The rise of low-budget: Paramount spends $25m on 2008 tentpole

Prospective blockbusters are not usually built this way. From the NY Times

cloverfield_poster.jpgRob Moore, the executive who oversees Paramount Pictures' marketing and distribution operations, had an open date in his movie schedule. He had just watched a little step-dancing film called "Stomp the Yard" clean up over last year's Martin Luther King's Birthday weekend, and he figured his company could do the same if it had some cheap popcorn fare ready for the holiday in 2008.

J. J. Abrams, meanwhile, had a theory. Best known as one of the creators of the television series "Lost," Mr. Abrams figured he could make the modern-day equivalent of "Godzilla" for $25 million or less, if he hired a bunch of no-name actors, shot much of the movie with a single $1,500 hand-held camera and threw the rest of his cash into special effects.

And Brad Grey, chairman of the Paramount Motion Picture Group, had an itch. Imagining himself following in the footsteps of the movie moguls Lew Wasserman and Sidney Sheinberg in the days when they took a budding Steven Spielberg and his fledgling company under their wing at Universal, Mr. Grey remembers telling Mr. Abrams: "I'm going to be Sid and Lew, and you're going to be Steven."

And so “Cloverfield,” a monster movie for the YouTube generation that is set for release on Friday, was born.

Three years into Mr. Grey’s turbulent tenure, this seemingly seat-of-the-pants enterprise is emblematic of the creative imprimatur he is stamping on Paramount, the storied studio of “The Ten Commandments” and the “Godfather” saga, which had calcified in recent years into a conservative operation that focused more on splitting risk with partners than swinging for the fences.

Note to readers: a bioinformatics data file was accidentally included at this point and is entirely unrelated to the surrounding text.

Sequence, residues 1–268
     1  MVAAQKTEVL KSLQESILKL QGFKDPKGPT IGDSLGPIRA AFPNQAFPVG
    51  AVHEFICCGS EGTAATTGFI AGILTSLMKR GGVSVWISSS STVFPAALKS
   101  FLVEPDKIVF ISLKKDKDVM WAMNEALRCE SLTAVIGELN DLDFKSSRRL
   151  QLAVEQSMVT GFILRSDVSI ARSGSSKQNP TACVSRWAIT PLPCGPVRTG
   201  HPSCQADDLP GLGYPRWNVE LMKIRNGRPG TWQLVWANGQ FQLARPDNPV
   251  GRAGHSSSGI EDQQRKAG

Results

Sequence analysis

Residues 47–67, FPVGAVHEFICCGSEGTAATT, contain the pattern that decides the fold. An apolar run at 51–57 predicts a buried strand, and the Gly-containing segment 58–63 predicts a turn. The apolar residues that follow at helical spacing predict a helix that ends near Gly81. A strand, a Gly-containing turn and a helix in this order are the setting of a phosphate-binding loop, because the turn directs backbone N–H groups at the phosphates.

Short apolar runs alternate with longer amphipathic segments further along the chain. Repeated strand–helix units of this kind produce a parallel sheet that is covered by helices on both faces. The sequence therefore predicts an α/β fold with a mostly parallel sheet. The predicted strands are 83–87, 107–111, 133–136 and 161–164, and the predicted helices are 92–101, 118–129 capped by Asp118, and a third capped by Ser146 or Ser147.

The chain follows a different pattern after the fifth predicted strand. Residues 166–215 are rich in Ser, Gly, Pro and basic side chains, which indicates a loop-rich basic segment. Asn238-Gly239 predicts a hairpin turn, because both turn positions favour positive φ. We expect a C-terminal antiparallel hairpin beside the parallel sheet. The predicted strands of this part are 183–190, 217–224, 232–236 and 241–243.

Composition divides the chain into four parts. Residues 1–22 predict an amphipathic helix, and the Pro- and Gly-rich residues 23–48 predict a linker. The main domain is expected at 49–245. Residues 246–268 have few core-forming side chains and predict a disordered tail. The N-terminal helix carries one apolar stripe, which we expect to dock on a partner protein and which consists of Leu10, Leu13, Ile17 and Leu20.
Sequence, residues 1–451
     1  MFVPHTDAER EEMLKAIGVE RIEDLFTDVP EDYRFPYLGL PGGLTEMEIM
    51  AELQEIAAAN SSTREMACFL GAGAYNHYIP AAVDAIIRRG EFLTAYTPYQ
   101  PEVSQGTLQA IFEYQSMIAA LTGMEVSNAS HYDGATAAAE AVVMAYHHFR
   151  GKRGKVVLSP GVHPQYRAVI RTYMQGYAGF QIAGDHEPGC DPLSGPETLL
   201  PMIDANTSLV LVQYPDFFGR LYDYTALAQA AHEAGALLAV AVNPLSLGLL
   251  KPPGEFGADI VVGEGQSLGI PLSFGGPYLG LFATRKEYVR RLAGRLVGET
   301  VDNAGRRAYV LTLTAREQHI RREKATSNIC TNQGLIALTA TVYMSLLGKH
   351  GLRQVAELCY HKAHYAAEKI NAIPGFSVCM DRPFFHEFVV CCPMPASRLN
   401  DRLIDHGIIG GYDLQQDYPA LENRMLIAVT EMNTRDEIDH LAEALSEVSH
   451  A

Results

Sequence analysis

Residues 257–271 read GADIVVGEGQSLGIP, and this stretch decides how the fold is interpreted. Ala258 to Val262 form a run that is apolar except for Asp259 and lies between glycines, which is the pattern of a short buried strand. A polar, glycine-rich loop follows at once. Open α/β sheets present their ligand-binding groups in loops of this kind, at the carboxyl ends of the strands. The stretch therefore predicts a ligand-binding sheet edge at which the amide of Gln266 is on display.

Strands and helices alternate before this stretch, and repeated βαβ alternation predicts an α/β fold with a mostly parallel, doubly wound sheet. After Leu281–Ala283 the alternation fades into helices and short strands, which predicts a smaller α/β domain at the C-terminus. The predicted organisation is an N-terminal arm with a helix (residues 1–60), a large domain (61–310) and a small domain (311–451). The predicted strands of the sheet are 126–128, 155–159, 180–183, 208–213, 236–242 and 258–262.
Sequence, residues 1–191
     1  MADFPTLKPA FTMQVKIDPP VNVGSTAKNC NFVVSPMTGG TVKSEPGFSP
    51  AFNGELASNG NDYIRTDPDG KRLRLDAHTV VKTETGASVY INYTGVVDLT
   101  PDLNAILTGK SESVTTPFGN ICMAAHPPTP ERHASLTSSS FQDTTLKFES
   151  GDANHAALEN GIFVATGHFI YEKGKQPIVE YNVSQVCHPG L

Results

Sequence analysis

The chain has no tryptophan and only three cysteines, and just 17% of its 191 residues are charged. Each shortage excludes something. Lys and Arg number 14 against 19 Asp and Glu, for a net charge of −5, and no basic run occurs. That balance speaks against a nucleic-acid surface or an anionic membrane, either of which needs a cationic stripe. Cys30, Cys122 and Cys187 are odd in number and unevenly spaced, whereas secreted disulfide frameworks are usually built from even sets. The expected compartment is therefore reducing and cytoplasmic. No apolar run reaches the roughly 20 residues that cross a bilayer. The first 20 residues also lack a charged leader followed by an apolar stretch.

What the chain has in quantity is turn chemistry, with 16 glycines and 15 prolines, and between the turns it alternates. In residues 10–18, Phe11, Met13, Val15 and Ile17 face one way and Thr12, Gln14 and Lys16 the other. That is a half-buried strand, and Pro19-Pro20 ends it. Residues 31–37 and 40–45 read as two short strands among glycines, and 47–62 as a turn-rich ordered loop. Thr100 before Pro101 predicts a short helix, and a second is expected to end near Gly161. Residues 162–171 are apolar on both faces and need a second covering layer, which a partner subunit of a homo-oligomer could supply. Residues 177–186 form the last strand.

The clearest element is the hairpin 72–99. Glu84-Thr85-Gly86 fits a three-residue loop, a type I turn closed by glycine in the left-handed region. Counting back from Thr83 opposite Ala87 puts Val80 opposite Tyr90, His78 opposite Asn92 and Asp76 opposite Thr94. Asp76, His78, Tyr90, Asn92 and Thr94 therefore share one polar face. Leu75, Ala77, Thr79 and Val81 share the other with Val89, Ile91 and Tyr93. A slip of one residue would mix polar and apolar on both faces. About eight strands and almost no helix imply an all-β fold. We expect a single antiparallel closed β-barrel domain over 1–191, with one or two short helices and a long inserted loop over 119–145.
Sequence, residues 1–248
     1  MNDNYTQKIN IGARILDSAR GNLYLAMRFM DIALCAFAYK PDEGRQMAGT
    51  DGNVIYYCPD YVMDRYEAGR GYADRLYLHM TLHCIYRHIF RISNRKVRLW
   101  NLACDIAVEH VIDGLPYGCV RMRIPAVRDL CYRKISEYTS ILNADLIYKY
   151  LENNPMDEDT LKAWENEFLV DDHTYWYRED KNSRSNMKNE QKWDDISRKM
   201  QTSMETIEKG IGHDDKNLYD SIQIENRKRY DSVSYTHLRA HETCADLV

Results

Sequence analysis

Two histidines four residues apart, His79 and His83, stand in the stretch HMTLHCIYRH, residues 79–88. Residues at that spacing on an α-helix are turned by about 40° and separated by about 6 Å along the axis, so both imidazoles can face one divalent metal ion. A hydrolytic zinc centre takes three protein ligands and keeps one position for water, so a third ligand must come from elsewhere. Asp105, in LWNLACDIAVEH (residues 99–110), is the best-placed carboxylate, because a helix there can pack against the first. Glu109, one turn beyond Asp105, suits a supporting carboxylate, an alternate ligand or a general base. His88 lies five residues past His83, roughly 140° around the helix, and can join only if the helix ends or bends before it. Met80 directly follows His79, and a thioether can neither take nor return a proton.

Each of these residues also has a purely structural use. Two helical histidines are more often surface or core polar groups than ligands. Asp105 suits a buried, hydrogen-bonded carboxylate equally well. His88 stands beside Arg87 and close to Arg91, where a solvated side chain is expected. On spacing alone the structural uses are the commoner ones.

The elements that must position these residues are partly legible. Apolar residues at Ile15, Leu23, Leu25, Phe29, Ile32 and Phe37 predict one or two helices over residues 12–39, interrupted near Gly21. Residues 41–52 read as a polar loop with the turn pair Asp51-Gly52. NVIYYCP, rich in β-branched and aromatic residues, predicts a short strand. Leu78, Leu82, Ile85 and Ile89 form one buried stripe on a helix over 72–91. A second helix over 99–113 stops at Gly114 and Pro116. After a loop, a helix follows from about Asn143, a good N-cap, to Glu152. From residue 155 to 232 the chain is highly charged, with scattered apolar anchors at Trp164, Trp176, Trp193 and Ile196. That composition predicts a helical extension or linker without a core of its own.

Mr. Grey, a former talent manager whose producer credits include “The Sopranos,” brought with him an outsider’s creative impulsiveness, a slightly goofy grandeur more reminiscent of the classic movie mogul than today’s buttoned-down studio executive. And if “Cloverfield” turns into Paramount’s first full-blown home-grown crowd-pleaser from the Grey regime, it may also mean things are finally beginning to work the way they’re supposed to at the lot on Melrose Avenue.

This year’s movie slate is packed with assertively commercial prospects and at least a couple of potentially interesting films, even factoring out contributions from DreamWorks, which was acquired under Mr. Grey and whose principals, Mr. Spielberg and David Geffen, are now making noises about leaving. The slate includes a summertime comedy from Mike Myers called “The Love Guru,” a long-awaited “Indiana Jones” sequel from Mr. Spielberg and a Marvel Enterprises contribution called “Iron Man.” Later in the year comes a “Star Trek” film from Mr. Abrams and big-star Oscar fodder in “The Curious Case of Benjamin Button,” which features an effects-doctored Brad Pitt in the director David Fincher’s version of an F. Scott Fitzgerald story about a man who ages backward.

 

“With a little good fortune we’ll probably have the biggest summer in the history of Paramount Pictures,” Mr. Grey said in a recent interview over the glass-topped table in his private conference room.

Continues at the NY Times 

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